Notre Dame Football: Will Brian Kelly Overdo Game Plan with Month to Prepare?

Connor Killoren@@Connor_KillorenSenior Analyst IDecember 18, 2012

SOUTH BEND, IN - SEPTEMBER 08: Head coach Brian Kelly of the Notre Dame Fighting Irish yells instructions to his quarterback during a game against  the Purdue Boilermakers at Notre Dame Stadium on September 8, 2012 in South Bend, Indiana.  (Photo by Jonathan Daniel/Getty Images)
Jonathan Daniel/Getty Images

From a coaching perspective, Brian Kelly's task leading up to January's BCS National Championship Game is a lucid one: Develop a game plan that will dethrone the Alabama Crimson Tide as college football's reigning champion.

But unlike the grind of the regular season, Kelly has an entire month to formulate this game plan.

The common question being asked by fans, talking heads and anyone else with a vested interest is whether Kelly will overcook his game plan during the month-long preparation period.

The overwhelming, resounding answer to that question is absolutely not. 

If you disagree with that answer, take a breath and consider what has made the Fighting Irish such a successful team this season. Consider the foundation upon which Kelly and his staff built their undefeated squad. 

That foundation begins, undoubtedly, with defense.

In his third season on the job, defensive coordinator Bob Diaco has transformed his unit into a force to be reckoned with on the national stage. The Irish finished the regular season ranked sixth nationally in total defense, fourth in rushing defense and first in scoring defense.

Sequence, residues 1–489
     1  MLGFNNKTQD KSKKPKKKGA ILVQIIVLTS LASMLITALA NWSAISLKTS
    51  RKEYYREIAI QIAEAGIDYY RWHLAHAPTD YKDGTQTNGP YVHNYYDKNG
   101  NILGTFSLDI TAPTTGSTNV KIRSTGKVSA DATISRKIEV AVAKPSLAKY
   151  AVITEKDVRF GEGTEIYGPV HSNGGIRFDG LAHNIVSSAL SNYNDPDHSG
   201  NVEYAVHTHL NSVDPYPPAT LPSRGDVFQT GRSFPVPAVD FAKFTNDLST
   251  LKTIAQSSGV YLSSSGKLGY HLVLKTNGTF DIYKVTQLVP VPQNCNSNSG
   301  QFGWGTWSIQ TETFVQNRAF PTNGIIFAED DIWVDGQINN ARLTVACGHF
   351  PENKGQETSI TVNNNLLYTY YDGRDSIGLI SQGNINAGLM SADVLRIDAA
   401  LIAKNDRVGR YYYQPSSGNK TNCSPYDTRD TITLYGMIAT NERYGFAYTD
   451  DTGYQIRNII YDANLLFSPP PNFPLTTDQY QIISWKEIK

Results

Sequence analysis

Diaco's defense doesn't offer any gimmicks or cute plays. Rather, it plays sound assignment football and will always throw the first punch. The unit prides itself on its physical, take-no-prisoners style of play. 

Regardless of the opponent, the coaching staff understands that priority No. 1 is to shut down the opposing running game and get the defense off the field quickly. The Irish did that consistently, as evidenced by the aforementioned fourth-ranked rushing defense, as well as their national ranking of 12th in time of possession.

What the Irish do offensively lacks the flash and glitz that can be found at places such as Baylor and Oregon, though, like the defense, they have gotten the job done this season. Kelly and offensive coordinator Chuck Martin, without fail, have established a powerful running game, with running backs Cierre Wood and Theo Riddick operating behind a mammoth offensive line.

Sprinkle in a few nifty play-action passes from redshirt freshman quarterback Everett Golson, and you have the gist of how the Irish prefer to attack opposing defenses.

No, the offense will not blow you away with out of this world statistics, but it does just enough to put points on the board. There is no "decided schematic advantage" with this coaching regime. Opponents understand that the Irish will pound the football on the ground, then attempt to spread you out and take advantage of favorable matchups in the passing game.

In other words, Kelly and Co. indirectly dare opponents to stop them, despite a very simple and straightforward game plan.  

To complement Kelly and his team, it's a simple and incredibly effective approach. What the Irish will do on both sides of the ball is no secret, but they've remained a freight train on a roll to a national championship. That speaks to the consistency with which the Irish conduct their business on and off the field, all a part of "the process" that Kelly so often references.  

The long layoff that the Irish must undertake prior to their date with the Crimson Tide is simply another part of that process, and Kelly wouldn't have it any other way. He won't deviate from the process. 

No overcooked game plan here, folks.